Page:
Performing basic system monitoring and tuning

Clearing log files automatically

You can clear log files automatically using crontab(1) and cron(1M). By adding a line to root's crontab file (/usr/spool/cron/crontabs/root), you can make your own file maintenance scripts execute daily, weekly, or monthly.

The following is an entry that can be added to the root crontab file to run /etc/cleanup each Sunday morning at 5:17:

   17 5 * * 0 /etc/cleanup > /dev/null
See crontab(1) for information about the format of the crontab file.

NOTE: If multiple machines mount the same NFS filesystems, all machines will run the find at the same time, searching all the NFS-mounted filesystems as well as the local filesystems. Therefore, running this script without some modifications could impose a heavy network load. Adding the -mount or -local options to the find(1) command restricts the search to the root filesystem, or local filesystems, respectively.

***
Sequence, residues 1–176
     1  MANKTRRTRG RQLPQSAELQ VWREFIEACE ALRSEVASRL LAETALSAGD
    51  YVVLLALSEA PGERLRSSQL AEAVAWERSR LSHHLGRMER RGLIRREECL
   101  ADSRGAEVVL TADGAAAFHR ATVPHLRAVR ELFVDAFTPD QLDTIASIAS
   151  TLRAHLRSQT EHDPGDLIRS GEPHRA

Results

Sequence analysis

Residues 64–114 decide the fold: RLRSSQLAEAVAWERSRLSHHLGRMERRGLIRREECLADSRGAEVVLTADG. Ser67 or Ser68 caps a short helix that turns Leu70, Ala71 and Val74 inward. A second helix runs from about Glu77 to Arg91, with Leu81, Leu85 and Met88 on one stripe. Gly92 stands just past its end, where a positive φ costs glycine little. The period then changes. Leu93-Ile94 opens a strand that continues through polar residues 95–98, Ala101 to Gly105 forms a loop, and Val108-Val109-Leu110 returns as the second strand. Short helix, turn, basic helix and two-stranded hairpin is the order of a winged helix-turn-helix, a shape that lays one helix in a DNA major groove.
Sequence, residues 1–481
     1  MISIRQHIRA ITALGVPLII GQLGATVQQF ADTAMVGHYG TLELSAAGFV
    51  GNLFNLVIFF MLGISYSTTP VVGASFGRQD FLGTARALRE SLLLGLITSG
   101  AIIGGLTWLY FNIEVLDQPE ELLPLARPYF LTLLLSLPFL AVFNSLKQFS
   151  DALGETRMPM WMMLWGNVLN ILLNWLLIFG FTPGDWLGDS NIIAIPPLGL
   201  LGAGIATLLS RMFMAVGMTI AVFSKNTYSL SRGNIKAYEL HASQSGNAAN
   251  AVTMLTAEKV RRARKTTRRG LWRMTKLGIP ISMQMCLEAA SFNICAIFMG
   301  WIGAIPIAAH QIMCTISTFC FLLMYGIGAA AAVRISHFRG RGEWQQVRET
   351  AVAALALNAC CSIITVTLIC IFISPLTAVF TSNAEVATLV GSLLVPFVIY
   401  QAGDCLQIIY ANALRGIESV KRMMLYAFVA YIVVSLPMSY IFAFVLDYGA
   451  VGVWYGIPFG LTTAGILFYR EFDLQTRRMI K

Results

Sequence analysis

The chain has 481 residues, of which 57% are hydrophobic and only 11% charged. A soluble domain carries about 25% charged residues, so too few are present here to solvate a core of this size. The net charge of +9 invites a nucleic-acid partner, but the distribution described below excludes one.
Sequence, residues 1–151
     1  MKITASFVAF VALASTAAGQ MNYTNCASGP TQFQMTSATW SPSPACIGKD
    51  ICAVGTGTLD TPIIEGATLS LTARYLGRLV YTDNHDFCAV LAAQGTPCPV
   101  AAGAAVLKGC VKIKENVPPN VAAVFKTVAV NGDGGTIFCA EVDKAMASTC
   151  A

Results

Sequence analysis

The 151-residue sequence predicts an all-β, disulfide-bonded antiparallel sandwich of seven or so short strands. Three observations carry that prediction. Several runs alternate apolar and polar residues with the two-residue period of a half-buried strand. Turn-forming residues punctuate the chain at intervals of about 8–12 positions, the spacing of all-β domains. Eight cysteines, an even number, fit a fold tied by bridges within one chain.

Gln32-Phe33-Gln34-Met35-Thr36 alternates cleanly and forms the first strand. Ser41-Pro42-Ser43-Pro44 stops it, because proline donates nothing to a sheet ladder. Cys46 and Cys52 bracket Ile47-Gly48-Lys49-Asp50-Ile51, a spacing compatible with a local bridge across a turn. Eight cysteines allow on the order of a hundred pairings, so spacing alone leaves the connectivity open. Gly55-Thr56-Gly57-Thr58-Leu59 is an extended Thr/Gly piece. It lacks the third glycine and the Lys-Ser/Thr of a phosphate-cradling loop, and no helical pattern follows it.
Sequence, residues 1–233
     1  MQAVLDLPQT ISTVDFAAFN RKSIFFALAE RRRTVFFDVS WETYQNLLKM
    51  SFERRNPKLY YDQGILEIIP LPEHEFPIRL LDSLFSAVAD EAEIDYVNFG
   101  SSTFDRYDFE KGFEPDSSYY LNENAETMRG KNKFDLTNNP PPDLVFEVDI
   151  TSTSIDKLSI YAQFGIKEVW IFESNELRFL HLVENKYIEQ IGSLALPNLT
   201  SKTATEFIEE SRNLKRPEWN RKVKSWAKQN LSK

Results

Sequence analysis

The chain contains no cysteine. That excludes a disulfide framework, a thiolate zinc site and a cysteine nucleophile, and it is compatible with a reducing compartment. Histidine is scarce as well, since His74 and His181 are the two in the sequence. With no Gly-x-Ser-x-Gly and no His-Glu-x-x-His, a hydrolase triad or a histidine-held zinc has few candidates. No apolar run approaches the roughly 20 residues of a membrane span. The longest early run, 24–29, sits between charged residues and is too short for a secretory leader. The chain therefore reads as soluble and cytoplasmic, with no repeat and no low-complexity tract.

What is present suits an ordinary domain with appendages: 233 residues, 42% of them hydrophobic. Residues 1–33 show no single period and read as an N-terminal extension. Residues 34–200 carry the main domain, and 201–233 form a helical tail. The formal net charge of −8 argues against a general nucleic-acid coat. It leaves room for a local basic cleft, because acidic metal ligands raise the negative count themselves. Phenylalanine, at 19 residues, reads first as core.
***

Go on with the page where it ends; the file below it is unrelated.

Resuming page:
Although the /etc/cleanup file does not exist by default, you can create one like the one shown in ``Sample cleanup script''

# clean up super-user log
cp /var/adm/sulog /var/adm/Osulog
> /var/adm/sulog
# clean up volcopy log
[ -f /var/adm/log/filesave.log ] && mv /var/adm/log/filesave.log \
> /var/adm/log/filesave.log
chown root /var/adm/log/filesave.log
chgrp sys /var/adm/log/filesave.log
chmod 666 /var/adm/log/filesave.log
# clean up wtmp
> /var/adm/wtmp
# clean up miscellaneous files
find / -name core -atime +7 -exec rm -f {} \;

Sample cleanup script

The /etc/cleanup script:

You can specify different files to clear and when to clear them by modifying /etc/cleanup and the /usr/spool/cron/crontabs/root file.

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© 2004 The SCO Group, Inc. All rights reserved.
UnixWare 7 Release 7.1.4 - 22 April 2004